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The Road to Recovery

By Christina Bruni

The Road to Recovery

What I know:
The diagnosis of schizophrenia can be a trauma itself that you need to recover from.  In order to get to the place of recovery you have to grapple with the truth that you have something you need to recover from.

Years of denial will lead to lost opportunities, damaged physical and mental health, and create a much harder row to hoe in your life. 

Only: for most of us denial is the norm, is actually a coping mechanism when the truth is too painful to bear.  Often we do not come to acceptance of our illness easily nor willingly.  It is our changed circumstance - and a continued cycle of hardship - that forces us to examine the things that aren't working.

You might not want to deal with it when it happens yet eventually you'll be forced to.  The sooner you accept that you have schizophrenia, the easier it will be for your recovery to run smoother and quicker.


Some guiding principles will get you to recovery:

The only real failure is the failure to try. Know that on some days getting out of bed will be a challenge.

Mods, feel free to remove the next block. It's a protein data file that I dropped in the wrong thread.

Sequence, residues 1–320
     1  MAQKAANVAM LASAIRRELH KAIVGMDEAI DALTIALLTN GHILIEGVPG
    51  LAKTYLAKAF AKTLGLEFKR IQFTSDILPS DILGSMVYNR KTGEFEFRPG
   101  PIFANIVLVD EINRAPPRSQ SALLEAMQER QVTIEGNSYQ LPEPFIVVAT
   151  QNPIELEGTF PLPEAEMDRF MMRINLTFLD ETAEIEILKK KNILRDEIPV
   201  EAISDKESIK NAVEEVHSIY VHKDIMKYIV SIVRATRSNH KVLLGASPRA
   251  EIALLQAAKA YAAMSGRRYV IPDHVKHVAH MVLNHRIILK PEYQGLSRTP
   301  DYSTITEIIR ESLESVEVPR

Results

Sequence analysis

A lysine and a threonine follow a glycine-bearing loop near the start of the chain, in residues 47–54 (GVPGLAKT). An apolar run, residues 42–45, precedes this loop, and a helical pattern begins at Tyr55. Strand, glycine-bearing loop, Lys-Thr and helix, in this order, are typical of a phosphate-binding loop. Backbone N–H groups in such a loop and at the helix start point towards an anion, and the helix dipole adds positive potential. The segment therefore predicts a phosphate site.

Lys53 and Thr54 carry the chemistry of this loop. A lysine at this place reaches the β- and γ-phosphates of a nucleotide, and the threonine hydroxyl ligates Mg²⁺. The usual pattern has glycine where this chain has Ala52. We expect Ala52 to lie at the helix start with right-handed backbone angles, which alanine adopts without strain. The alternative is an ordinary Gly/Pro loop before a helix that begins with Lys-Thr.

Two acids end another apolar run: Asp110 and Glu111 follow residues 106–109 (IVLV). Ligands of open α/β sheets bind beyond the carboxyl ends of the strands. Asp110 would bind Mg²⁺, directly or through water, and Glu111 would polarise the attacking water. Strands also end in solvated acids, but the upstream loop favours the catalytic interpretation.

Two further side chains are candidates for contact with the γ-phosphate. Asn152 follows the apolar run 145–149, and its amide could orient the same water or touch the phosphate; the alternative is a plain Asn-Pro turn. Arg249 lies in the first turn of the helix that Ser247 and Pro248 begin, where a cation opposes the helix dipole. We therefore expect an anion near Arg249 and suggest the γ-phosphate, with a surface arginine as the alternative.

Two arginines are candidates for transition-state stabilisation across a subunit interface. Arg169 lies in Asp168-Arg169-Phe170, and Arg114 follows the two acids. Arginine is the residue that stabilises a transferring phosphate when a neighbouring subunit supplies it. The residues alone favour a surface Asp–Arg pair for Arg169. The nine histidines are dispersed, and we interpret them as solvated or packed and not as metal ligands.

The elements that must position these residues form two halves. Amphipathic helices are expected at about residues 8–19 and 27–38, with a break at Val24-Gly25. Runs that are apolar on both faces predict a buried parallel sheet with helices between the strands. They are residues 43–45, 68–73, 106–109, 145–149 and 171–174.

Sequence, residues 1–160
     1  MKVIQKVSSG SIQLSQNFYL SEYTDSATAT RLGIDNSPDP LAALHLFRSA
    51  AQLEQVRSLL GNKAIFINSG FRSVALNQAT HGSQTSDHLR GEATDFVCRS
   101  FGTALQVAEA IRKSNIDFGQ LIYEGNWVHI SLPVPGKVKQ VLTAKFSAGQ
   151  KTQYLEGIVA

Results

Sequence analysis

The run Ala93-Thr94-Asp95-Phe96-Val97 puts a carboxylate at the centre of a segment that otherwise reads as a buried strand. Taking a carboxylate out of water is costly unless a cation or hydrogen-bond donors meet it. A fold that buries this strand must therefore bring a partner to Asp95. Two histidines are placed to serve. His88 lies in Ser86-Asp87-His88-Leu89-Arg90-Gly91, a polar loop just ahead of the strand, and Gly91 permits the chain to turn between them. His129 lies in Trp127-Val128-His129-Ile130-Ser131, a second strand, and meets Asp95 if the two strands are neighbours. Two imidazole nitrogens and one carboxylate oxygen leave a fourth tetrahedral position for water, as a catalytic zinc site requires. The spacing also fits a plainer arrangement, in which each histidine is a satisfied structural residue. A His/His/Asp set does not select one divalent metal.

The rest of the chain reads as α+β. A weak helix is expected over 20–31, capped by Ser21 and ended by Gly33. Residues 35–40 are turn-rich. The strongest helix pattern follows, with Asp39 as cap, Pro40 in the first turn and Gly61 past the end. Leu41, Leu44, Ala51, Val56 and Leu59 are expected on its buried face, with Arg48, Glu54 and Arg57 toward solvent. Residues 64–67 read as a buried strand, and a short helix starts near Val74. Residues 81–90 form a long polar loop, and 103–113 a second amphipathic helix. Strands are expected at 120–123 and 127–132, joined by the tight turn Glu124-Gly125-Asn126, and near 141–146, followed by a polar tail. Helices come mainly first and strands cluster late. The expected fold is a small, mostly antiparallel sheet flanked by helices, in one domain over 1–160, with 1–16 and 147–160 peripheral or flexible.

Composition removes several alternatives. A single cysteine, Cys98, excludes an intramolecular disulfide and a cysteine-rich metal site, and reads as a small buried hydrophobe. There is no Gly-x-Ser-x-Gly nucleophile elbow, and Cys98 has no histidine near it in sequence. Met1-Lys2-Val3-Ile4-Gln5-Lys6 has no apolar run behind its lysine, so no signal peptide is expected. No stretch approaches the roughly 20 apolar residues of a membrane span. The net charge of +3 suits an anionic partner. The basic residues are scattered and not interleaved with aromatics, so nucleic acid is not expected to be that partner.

Trying can be as simple as getting out of that bed.  It can be waking up on a Tuesday and deciding to change your life.  Nowhere in the rule book of how to live life with schizophrenia does it say you have to do extraordinary things all the time. There is no rule book. You get to decide how you want to live your life.


Give yourself the gift of a lifetime when it comes to making your recovery happen. 

Setting unrealistic deadlines will set you up for failure. Adjust your time frame for completing goals as necessary. Recognize that time spent in the woodshed is time well spent. Woodshedding is the term borrowed from the jazz world where musicians circa the 1920s and 1930s went into the woodshed to practice their instruments in private before playing out in public. UrbanDictionary.com defines woodshedding thus: "To lock oneself away with a musical instrument and practice, either a particular piece or in general, until the player has improved greatly or can perfectly play the piece he has been practicing."

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